I promised a bit about the early parts of the path I am on, telling how I became who I am.
My faith journey started many many years ago, when I attended my grandmother's rural Wesleyan Methodist church. I would only go for Sunday School as a rule, but later I attended many summer Bible school sessions there as well. I remember the good old hymns and my classroom, down some creepy stairs in the basement. Once, while my grandmother and uncle were watching us one Wednesday evening, I remember even going to their Prayer Meeting.
All my memories of that little church are fond ones.
Later, around third grade or so, my family started attending the regular Methodist church, first in the nearby town, near where I now live, and later in my hometown. I stayed Methodist for many years. Baptized and confirmed there, I was active in the youth group foe many years. There was a trip to a crusade held by Billy Graham's son-one-law that made a deep impression on me.
In college, I was active in a Christian women's club affiliated with the Methodist Church and even sang in the student choir. And after being out on my own, while my attendance wavered at times, I continued with the Methodist church.
In my late twenties, I became involved with a renewal movement that originated in the Catholic Church, but locally had become a more ecumenical group. Through the retreats and reunions lead by this group, my faith and closeness to God grew. Eventually, with a friend, I attended an Episcopal church, lead by a priest who I had met on one of our weekend retreats. I felt I was home.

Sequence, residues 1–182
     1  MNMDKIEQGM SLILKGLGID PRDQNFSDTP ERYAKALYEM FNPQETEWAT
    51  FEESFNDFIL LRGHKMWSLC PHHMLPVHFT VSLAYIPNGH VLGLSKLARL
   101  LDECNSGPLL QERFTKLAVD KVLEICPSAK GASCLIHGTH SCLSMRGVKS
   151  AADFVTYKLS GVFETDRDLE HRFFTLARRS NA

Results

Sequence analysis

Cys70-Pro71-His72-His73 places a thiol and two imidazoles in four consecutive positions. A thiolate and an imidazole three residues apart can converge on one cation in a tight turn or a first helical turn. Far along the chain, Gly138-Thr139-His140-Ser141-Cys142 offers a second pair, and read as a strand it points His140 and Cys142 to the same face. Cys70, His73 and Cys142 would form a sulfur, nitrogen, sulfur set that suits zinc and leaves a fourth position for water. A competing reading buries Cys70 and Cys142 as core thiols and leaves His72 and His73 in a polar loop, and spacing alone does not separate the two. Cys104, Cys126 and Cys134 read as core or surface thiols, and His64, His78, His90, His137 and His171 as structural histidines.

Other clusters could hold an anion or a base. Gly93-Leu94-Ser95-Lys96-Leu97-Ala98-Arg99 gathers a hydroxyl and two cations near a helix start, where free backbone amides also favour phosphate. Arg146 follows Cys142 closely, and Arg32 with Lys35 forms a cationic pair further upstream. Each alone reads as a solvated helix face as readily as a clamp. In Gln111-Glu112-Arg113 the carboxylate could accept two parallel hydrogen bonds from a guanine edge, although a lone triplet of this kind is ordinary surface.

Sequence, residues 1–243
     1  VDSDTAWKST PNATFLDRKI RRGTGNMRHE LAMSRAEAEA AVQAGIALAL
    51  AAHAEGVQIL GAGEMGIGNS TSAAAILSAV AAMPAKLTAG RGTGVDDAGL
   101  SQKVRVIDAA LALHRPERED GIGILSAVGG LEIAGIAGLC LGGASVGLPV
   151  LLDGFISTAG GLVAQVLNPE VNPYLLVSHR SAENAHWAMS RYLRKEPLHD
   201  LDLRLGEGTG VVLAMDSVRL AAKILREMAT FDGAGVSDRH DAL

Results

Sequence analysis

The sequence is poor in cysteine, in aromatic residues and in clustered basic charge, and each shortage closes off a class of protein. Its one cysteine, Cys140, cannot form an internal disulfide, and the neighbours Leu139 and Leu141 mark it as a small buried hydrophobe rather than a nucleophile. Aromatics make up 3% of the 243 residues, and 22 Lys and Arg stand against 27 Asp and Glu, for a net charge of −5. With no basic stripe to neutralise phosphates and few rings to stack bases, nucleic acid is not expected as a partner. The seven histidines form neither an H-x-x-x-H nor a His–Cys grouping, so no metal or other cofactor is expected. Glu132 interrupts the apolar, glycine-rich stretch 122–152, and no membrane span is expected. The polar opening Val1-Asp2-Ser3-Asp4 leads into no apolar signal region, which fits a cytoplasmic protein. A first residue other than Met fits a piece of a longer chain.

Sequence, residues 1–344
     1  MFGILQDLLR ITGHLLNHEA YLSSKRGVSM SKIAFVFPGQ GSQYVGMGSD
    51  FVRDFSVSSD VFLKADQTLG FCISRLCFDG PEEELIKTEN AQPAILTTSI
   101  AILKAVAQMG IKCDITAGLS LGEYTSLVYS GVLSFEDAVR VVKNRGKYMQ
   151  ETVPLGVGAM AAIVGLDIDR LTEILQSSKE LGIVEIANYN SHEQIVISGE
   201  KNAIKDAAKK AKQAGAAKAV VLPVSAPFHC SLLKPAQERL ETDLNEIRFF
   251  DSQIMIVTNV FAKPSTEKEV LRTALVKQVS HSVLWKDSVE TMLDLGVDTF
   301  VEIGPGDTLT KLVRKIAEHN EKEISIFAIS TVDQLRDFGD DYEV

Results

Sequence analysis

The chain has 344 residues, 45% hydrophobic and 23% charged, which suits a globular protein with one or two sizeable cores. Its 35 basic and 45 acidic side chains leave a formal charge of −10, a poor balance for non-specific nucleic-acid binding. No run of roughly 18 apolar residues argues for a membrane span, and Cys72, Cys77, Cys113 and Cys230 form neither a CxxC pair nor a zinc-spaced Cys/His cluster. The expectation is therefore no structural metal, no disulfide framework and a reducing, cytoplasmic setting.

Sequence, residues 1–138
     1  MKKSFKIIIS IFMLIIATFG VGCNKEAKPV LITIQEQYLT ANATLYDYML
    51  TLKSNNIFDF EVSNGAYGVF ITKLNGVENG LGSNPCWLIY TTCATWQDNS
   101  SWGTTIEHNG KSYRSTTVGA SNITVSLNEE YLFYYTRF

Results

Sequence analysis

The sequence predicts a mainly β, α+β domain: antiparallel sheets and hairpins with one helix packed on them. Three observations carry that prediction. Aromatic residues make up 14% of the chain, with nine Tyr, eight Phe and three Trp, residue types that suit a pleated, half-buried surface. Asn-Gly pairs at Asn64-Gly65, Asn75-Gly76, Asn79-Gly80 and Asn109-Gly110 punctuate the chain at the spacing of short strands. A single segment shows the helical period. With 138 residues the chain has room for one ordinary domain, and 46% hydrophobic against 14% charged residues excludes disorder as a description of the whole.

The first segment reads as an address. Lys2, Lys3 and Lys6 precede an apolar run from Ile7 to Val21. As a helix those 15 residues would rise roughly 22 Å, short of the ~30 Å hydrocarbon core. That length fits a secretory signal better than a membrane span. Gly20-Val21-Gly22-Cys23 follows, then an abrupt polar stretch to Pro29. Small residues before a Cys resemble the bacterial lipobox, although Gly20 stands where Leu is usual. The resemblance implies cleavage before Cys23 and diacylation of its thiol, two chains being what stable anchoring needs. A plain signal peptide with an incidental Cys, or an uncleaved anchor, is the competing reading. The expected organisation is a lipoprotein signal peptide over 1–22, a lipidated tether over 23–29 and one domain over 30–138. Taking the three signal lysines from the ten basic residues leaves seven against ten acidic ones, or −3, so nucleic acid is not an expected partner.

Now as an aside, I was noticing around this time that the various churches I was moving toward were becoming more and more liturgical. I had visited several denominations in the past, with others, but found I liked the structure the liturgical forms of worship gave. I had, for some time, considered attending the Catholic Church. Indeed, at the time I was often playing guitar at Saturday Mass, while still attending Sunday Methodist services. But I felt it was a very big step. So the Episcopal church seemed just right. Catholic Lite, as it is sometimes called and I became a confirmed member there.
Lately though, as I think I mentioned in my first post, I wasn't finding my soul being fed. I went ahead and took the step I had pondered some 34 years ago. I have turned to the Catholic Church. It will be a while before I can take membership classes, but so far...it feels right.
I also heard about a suggested Lenten suggestion of blogging or journaling every day. It may not be everyday, but I hope to check in here at least twice a week, just to help keep me accountable.
Peace be with you.